It’s that time of the year we call Winter. Some people love it, some people hate it and some are ambivalent. Whatever your perception there are thing that you should be aware of and be cautious of, because Winter can be a killer.

Risks related to car accidents, carbon monoxide poisoning and heart attacks are greater in the winter than any other time of the year. Throw in hypothermia, frostbite, freezing rain, and wind chill (or as they call it today Real Feel) and you have a deadly mix.

Here is a simple checklist of things that you should not do or do with extreme caution. This is not all inclusive, but it is a good start on being safe.

  • Don’t drive if you don’t have to and if you do pay attention to you, the cars around you and the road conditions. Black ice sneaks up on you and before you know it your car is out of control
  • Don’t go out if you don’t need to. If you need to wear layers of clothes and protect exposed skin. Frostbite happens in less time than you know.
  • Pets don’t know what’s cold so be aware of their needs and do more frequent short trips than less frequent longer trips.
  • Be prepared for power outages. Have a good supply of canned food, extra blankets, extra batteries and maybe even a lantern and a battery powered radio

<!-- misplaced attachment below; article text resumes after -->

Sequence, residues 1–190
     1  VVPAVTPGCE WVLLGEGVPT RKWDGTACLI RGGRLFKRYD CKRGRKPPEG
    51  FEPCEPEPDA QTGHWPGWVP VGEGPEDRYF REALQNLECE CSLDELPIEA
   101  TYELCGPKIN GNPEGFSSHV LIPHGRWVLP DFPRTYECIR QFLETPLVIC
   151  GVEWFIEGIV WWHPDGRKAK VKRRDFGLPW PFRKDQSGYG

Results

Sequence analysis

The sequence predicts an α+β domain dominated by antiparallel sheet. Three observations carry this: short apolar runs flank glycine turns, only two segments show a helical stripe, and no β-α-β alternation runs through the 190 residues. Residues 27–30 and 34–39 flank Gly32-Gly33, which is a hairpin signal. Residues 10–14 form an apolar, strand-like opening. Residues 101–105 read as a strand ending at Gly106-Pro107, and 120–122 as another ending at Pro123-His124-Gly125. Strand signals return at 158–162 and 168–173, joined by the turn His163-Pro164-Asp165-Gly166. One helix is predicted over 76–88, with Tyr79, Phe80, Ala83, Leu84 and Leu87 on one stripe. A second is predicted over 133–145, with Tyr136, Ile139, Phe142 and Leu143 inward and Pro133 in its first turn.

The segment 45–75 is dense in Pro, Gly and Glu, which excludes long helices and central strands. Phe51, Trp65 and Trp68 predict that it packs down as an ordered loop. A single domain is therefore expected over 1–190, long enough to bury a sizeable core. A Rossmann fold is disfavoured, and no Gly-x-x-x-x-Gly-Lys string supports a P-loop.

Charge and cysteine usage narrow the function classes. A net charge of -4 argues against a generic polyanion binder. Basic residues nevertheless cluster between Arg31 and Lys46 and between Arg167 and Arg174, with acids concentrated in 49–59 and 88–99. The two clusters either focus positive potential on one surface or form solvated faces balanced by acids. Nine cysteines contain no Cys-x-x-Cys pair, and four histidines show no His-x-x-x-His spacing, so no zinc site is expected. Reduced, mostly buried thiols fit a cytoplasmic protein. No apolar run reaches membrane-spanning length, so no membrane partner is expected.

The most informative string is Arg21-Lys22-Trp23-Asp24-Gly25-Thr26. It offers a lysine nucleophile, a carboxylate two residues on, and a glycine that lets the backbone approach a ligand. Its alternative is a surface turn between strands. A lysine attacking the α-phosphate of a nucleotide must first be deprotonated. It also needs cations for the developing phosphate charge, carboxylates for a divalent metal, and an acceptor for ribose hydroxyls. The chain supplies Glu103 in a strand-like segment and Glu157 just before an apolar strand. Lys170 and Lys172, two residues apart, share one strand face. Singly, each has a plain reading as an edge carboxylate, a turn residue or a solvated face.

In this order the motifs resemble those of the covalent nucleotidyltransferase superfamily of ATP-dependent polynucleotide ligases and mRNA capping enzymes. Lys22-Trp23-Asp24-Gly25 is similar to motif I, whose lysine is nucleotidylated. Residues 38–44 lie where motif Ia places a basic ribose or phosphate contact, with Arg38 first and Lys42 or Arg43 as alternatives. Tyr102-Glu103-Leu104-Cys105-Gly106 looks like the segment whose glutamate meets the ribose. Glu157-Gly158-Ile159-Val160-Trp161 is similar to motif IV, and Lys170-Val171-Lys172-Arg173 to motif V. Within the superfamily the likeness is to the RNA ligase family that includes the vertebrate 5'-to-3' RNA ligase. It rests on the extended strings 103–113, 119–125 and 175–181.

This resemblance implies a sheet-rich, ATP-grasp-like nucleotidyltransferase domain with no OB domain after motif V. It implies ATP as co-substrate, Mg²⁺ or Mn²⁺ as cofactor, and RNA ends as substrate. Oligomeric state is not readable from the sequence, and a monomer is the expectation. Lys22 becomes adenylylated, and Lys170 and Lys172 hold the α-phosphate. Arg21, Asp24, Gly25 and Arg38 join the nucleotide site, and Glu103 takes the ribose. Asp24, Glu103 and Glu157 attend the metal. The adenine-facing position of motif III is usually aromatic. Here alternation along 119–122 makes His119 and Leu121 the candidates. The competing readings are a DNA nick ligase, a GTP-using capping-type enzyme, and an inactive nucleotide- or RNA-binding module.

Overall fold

• Don’t use your stove to keep warm
  • Know what the symptoms are for hyperthermia and frostbite
  • Keep the radio or TV on to listen for frequent weather updates
  • Make sure your smoke and carbon monoxide detectors are working, test them regularly before you need them
  • Parking lots, bridges and ramps are particularly hazardous and use extreme cautions when driving or walking in these areas.
  • Carry an emergency kit in your car with jumper cables, reflective safety vest, and flare stick.   Some people carry wood chips or sand in the event they get caught in a spot where their tires lose traction.
  • Keep a full tank of gas.  Don’t run the needle down to empty. A full tank also minimizes condensation in the fuel tank which could prevent the proper operation of your vehicle

 

Check out this site for more information and be safe https://www.ready.gov/winter-weather